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Is this okay?

Forums Fiction Characters Is this okay?

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  • #54491
    The Fledgling Artist
    @the-fledgling-artist

    Is it a problem if all of my main characters are having some of the same struggles throughout the story?

    After digging a little into my protagonist and the theme of my current project, I quickly began to see that the things my protagonist struggles with are things that in some way or another would also effect my other main characters too. Is that a good thing? Is the theme supposed to carry through to all your characters? Or are all my squad characters too samey to be having the same issues?

    @please-help-me

    "Though I'm not yet who I will be, I'm no longer who I was."

    #54510
    Taylor Clogston
    @taylorclogston

    This is in fact called “having a coherent theme” and is generally a good idea =P I mean, without actually reading your story I guess we can’t know for sure (if every character’s exact problem is “I want to become a professional ballerina but my dad hates ballerinas” you might want some more variety, but if every character’s problem is “I want to become my own person but a person I respect wants to hold me back” you’re good to go) but generally this is what you should be aiming for.

    "...the one with whom he so sought to talk has already interceded for him." -The Master and Margarita

    #54625
    The Fledgling Artist
    @the-fledgling-artist

    @taylorclogston Phew! This is my first writing project, so I am a little clueless right now. Thanks so much for taking the time to answer. 😉

    "Though I'm not yet who I will be, I'm no longer who I was."

    #54644
    Sarah Inkdragon
    @sarah-inkdragon

    @the-fledgling-artist

    My two male protagonists have very different backstories, but similar struggles like yours do, and they work out just fine. I’d suggest trying to make sure that their stories are not exactly the same–and their reactions to trials and questions are not the same–for example, while one of my MC’s would remain optimistic, hold his family close, and try to cheer everyone up after a defeat in battle, the other would isolate himself and try and find a way to blame himself so no one else has to suffer. So while they have almost the same struggles–they’re both considered monsters in their cultures, are cast out, and forced to run from their own people, as well as they both hold a power that they are hated for but don’t want–they are still very different people. Get what I mean?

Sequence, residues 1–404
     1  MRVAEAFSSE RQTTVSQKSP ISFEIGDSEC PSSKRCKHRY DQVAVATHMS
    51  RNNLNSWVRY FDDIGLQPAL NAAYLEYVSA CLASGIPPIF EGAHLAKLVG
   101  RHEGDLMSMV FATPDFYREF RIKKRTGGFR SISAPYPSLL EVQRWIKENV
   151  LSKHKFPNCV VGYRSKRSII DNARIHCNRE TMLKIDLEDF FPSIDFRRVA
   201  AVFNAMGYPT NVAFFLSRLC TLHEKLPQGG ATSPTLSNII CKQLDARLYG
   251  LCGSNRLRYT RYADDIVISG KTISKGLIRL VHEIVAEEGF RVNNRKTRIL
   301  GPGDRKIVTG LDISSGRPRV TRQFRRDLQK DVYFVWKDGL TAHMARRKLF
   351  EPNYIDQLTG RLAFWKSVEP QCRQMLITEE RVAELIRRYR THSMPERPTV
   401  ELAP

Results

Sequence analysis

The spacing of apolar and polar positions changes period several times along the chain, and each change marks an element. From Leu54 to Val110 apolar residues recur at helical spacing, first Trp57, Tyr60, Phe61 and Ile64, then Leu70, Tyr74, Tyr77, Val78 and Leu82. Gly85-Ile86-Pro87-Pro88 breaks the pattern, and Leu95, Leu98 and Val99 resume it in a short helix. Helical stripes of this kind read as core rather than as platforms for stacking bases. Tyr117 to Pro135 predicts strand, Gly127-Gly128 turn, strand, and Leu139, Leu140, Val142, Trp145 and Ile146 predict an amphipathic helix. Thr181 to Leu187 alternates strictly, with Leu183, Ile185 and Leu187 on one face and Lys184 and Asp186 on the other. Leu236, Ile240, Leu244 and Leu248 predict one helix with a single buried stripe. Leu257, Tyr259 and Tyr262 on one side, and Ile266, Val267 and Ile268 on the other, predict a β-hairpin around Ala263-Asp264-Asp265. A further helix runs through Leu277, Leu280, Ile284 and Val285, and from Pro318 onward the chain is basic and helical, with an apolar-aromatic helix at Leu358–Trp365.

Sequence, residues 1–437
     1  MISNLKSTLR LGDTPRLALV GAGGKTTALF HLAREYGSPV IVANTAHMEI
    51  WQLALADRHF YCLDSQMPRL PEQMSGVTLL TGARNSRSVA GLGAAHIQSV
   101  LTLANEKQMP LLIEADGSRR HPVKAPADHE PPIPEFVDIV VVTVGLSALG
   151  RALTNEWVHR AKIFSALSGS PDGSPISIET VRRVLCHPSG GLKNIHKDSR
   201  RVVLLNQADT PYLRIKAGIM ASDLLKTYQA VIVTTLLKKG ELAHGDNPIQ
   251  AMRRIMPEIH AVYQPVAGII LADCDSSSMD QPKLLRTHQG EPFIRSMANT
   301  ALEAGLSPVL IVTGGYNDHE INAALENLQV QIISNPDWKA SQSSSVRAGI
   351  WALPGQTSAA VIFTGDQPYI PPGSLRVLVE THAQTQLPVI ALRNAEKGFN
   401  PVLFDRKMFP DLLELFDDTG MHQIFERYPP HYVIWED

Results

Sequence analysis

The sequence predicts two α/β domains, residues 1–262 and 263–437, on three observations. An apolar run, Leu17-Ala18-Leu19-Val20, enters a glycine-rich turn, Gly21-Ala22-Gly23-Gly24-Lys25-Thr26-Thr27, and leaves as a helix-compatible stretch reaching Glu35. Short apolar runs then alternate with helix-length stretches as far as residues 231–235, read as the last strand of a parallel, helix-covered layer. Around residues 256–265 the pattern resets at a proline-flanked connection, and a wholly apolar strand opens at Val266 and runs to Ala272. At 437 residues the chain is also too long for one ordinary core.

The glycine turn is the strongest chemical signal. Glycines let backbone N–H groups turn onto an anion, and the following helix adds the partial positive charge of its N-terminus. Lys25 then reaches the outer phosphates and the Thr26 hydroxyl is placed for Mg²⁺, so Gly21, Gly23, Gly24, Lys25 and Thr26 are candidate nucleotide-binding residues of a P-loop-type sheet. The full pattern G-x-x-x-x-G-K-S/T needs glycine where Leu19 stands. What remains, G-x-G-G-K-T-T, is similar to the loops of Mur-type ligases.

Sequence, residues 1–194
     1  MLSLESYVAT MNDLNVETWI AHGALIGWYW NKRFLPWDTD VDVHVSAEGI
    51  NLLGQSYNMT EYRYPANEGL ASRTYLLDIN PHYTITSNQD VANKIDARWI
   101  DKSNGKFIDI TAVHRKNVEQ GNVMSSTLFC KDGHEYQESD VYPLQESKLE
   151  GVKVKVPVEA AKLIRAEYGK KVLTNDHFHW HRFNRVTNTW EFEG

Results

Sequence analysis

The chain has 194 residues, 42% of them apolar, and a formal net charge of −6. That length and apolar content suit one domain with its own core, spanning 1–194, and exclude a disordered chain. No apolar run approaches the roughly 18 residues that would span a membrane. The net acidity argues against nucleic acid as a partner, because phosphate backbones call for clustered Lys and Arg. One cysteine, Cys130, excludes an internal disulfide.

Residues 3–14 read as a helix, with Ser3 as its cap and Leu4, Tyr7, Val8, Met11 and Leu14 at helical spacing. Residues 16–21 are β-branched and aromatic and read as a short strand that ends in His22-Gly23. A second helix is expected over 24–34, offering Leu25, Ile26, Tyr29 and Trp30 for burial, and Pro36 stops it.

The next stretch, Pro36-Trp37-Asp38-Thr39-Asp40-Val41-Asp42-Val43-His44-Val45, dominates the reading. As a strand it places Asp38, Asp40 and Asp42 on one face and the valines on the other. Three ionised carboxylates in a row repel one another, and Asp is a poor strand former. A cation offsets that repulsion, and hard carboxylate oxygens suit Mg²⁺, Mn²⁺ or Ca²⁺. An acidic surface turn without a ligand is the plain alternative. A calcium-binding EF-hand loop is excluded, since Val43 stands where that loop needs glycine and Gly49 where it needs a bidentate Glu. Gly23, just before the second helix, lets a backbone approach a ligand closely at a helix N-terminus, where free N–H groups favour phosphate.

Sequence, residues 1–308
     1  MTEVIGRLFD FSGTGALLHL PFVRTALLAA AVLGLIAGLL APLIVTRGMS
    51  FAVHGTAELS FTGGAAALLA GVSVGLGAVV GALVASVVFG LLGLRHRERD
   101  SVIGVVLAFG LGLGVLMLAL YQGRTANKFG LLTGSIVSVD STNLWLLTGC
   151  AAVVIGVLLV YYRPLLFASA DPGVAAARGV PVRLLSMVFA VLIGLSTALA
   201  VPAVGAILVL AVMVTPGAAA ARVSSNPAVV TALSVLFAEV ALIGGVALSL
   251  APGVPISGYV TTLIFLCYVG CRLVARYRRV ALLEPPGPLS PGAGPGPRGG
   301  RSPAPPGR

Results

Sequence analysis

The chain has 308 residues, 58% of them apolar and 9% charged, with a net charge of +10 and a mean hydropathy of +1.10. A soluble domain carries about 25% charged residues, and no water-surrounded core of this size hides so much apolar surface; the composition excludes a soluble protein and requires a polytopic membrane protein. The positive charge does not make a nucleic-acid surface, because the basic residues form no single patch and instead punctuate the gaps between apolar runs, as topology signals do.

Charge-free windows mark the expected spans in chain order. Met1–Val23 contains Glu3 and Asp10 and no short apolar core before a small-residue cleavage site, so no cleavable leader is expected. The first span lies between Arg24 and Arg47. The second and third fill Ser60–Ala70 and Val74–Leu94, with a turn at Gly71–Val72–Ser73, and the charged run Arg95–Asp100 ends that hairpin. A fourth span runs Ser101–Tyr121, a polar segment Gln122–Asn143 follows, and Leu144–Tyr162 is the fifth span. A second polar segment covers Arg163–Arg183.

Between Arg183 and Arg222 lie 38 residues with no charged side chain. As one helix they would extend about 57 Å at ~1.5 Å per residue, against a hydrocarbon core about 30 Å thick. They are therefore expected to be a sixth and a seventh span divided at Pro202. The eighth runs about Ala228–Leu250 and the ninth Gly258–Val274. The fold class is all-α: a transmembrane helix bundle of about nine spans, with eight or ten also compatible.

"A hard heart is no infallible protection against a soft head."

    - C. S. Lewis

    #54645
    valtmy
    @valtmy

    @the-fledgling-artist

    I agree that that is a sign of having a coherent theme and you just need to be careful to make sure that there’s variety in your characters’ struggles. Though the root of the characters’ struggles may be similar, have the difficulty present itself in different ways and have each character react differently according to their personalities and develop in varying ways (e.g. maybe one has a positive change arc while another has a negative change arc).

    #54650
    The Fledgling Artist
    @the-fledgling-artist

    @valtmy  @sarah-inkdragon
    Thanks guys. I’ll  keep that in mind! 🙂 Making sure that their struggles effect them each in different ways is something I’ll try to work on.

    "Though I'm not yet who I will be, I'm no longer who I was."

    #54654
    Sarah Inkdragon
    @sarah-inkdragon

    Yeah, because even if they’ve got the same backstory and the same struggles, they’re still different people, and different people react in different ways based on personality and things like that. 😉

    "A hard heart is no infallible protection against a soft head."

    - C. S. Lewis

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